Look guys I was there too, Destiny 2 was the be all and end all games for me once it was released for PC. I went in tentatively sceptical, but hyped none the less and having played a lot of Warframe in the past I thought it would take over as my go to Loot Shooter. However Bungie managed to whiff that one and provide me with one of the most stale and soulless titles I’ve ever laid my hands on, devastating me in the process and shaking me to my roots. (I actually gave the game an 8 on time of release but would happily redact that review down to a much lower rating these days.)
Warframe holds a place in my heart because it never did what Destiny did. Disappoint. It never held my hand but it never let me from its grip either, its a game where care, love and affection spew from every crevice of its design philosophy; by gamers, for gamers. It show’s in the Weekly Dev Streams, in the communication and interaction with the community through forums and even in the in game global chat. In a landscape plagued with questionable decisions and shady business models Digital Extremes holds a torch among the industry as the good guys, implementing a fair free-to-play model with it’s microtransactions and some of the best community interactions.
The Good, The Bad, The Ugly
- The Movement and Gunplay – Unparalleled freedom and satisfying combat will make other games feel slow and clunky in comparison.
- Completely Free-to-play – Known as one of the fairest free-to-play economies in gaming, nothing bought from the store will make you more powerful but can help speed up the process should you choose to do so or is there simply to make you look prettier. All equipment purchased from the store must still be levelled up and mastered before on par with the rest of your high level stuff.
- In Depth Economy – It’s possible to trade the Premium Currency (Platinum) with other players, meaning that you can farm rare items and sell to others for Platinum to purchase market good. Trading is a huge thing in Warframe and is one of the main features of the game.
- Abundant Amount of Content – This can be counted as a pro or a con for various different players but for me this is a 100% pro. There’s always something new to do and always something to hunt down.
- Engaging Universe – While not evident after the first 30+ hours of game play Warframe actually holds a tremendous amount of backstory and lore which hits massive peaks during some of it’s later story missions.
- Bright and Bold – DE aren’t afraid of making drastic changes to shake up how the game operates, causing polarising opinions in the community in the process but the lack of recycled content is refreshing to see from a game 5 years in to its life cycle.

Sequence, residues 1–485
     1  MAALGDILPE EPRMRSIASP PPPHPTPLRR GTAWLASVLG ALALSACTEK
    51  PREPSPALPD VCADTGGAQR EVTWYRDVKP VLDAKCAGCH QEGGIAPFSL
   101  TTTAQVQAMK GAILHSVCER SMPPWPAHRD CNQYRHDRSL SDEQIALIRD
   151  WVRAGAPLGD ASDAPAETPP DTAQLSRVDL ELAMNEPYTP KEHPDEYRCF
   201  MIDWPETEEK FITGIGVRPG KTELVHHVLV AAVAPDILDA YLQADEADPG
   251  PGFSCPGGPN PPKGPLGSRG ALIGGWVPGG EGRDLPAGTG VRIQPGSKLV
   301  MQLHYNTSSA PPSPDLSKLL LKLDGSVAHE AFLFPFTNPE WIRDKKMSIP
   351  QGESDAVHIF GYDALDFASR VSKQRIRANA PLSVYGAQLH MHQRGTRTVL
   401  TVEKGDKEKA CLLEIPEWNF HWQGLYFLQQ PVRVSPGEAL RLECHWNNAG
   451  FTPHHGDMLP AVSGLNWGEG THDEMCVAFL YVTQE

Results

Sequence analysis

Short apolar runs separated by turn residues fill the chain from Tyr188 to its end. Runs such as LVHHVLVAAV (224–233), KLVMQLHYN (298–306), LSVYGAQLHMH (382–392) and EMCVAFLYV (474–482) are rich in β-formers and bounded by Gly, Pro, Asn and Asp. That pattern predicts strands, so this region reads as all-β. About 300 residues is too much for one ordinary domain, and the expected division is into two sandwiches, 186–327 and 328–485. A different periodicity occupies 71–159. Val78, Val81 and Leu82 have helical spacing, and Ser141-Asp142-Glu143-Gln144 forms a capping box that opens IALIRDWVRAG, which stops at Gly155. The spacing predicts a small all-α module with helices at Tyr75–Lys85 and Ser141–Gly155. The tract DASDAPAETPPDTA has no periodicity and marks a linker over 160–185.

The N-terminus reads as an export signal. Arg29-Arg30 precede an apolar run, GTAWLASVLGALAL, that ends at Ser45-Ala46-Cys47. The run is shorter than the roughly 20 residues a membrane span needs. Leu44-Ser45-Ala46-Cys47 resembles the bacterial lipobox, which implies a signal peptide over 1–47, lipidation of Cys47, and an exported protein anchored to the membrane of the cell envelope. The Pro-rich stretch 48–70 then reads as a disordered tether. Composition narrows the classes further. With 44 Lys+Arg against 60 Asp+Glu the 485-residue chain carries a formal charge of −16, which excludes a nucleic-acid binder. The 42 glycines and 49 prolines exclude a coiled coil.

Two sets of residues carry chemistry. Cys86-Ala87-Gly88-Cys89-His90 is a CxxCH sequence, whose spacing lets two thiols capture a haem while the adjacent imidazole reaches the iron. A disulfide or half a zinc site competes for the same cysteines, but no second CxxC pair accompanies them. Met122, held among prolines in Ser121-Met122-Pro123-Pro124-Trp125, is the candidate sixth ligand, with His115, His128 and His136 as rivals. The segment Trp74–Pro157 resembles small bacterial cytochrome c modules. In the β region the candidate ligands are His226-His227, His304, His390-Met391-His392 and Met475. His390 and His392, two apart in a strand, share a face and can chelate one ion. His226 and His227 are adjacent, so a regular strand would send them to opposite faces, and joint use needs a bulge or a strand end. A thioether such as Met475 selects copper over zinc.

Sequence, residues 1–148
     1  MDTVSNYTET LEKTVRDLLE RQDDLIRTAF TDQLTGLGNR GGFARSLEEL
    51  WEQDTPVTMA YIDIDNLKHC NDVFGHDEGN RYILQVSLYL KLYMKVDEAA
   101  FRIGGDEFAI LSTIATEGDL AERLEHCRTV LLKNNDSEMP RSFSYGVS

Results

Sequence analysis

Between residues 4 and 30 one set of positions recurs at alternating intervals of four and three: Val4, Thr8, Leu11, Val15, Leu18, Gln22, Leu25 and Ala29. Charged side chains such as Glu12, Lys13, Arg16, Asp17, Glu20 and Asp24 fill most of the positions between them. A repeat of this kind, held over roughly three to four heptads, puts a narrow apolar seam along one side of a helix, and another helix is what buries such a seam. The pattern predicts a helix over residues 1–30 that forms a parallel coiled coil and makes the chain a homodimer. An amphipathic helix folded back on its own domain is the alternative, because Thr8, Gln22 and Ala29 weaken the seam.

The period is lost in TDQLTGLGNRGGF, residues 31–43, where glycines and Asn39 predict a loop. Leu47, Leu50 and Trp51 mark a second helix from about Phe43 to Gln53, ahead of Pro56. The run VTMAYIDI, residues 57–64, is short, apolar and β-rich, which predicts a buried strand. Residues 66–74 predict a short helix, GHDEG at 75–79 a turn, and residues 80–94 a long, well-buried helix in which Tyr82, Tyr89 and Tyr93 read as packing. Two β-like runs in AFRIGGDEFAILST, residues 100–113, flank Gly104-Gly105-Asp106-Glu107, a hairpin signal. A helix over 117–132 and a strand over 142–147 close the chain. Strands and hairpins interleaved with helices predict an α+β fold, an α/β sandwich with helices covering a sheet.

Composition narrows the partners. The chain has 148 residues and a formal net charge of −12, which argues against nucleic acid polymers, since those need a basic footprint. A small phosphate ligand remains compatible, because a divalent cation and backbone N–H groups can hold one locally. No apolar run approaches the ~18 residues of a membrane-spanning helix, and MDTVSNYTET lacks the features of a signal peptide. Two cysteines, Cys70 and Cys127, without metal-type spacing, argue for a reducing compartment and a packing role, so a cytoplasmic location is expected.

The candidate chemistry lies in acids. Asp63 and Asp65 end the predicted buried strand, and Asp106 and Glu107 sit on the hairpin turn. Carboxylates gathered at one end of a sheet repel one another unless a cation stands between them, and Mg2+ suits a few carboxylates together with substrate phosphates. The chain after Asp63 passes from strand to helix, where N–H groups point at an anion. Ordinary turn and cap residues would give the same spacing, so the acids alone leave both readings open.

- Efficiently Stunning – While not holding a more traditional graphical presence, like a plus size model it does tremendous work with what it’s got and it results in some stunning vistas.
- Fantastically Close Knit Community – The Warframe community has one of the most welcoming and helpful communities I’ve been a part of. The genuine consensus around Warframe’s player base is help new players so they may help others once they’re in the same position to do so. For example: I tired to buy multiple mandatory mods/items in the trade channel, instead I was met with a myriad of members that happily gifted them to me instead as they no longer needed them. It’s also still a highly active title consistently being one of the highest played game on steam.
- Good Guy Devs – DE in the past have made it clear for a long time now that their players come first and consistently show this in practice with pro-consumerist actions time and time again. A rarity among fully paid AAA titles these days let alone free-to-play ones.
- Can Be Overwhelming/Confusing For Beginners – While relatively a simple game at its base nature, the lack of direction for new players, aside from following the missions one by one and unlocking the planets, has been known to cause confusion to what the goal of the game actually is.
- Lack Of Definitive End Game – A grey negative as this can also be seen as a positive. But the non-traditional progression structure usually followed in games like WoW and Destiny can be a big turn off for many. While not a sandbox game it does require you to create your own fun.
- Lack Of Challenge – Don’t get me wrong there are certainly challenges to be found within Warframe with it’s sorties, endless missions and Eidolon hunting, but those moments between rolling over enemies and fearing for your life are too far and few between.
So is it worth it?
I guess that’s completely down to you as a player and what you want from the game. It’s possible to play this game casually a couple of hours every week and still make meaningful progress, but it’s also possible to play Warframe endlessly while never running out of things to do. However, without any friends to play with and the lack of challenge sometimes causes me to put the game down for a few months at a time. As of right now I’m around 200 hours in over the space of about 2 years but always manage to find a way back. The universe of Warframe is an alluring enigma but a niche one, if it grabs you then expect to lose most of your gaming time to it, just be aware it takes a certain amount of perseverance to get to a comfortable to level where Warframe turns in to full hobby mode.
Looking back on the newest expansion shows the game still holds potential that’s been locked away for some time. The new open Plain is a delight to explore and lose yourself in, and whether or not that’s a future that may do the game justice or otherwise hurt it remains to be seen. For now, I would happily state this. If you lasted through this article, I’d say you’re already interested, the game is free and requires no investment to try out. Give it a go, it’s almost certainly worth the trial and for a 5 year old game, it’s never gotten worse, only better. No content ever becomes irrelevant, you just keep getting more and more free stuff to do and from a free-to-play game that’s highly irregular and refreshing.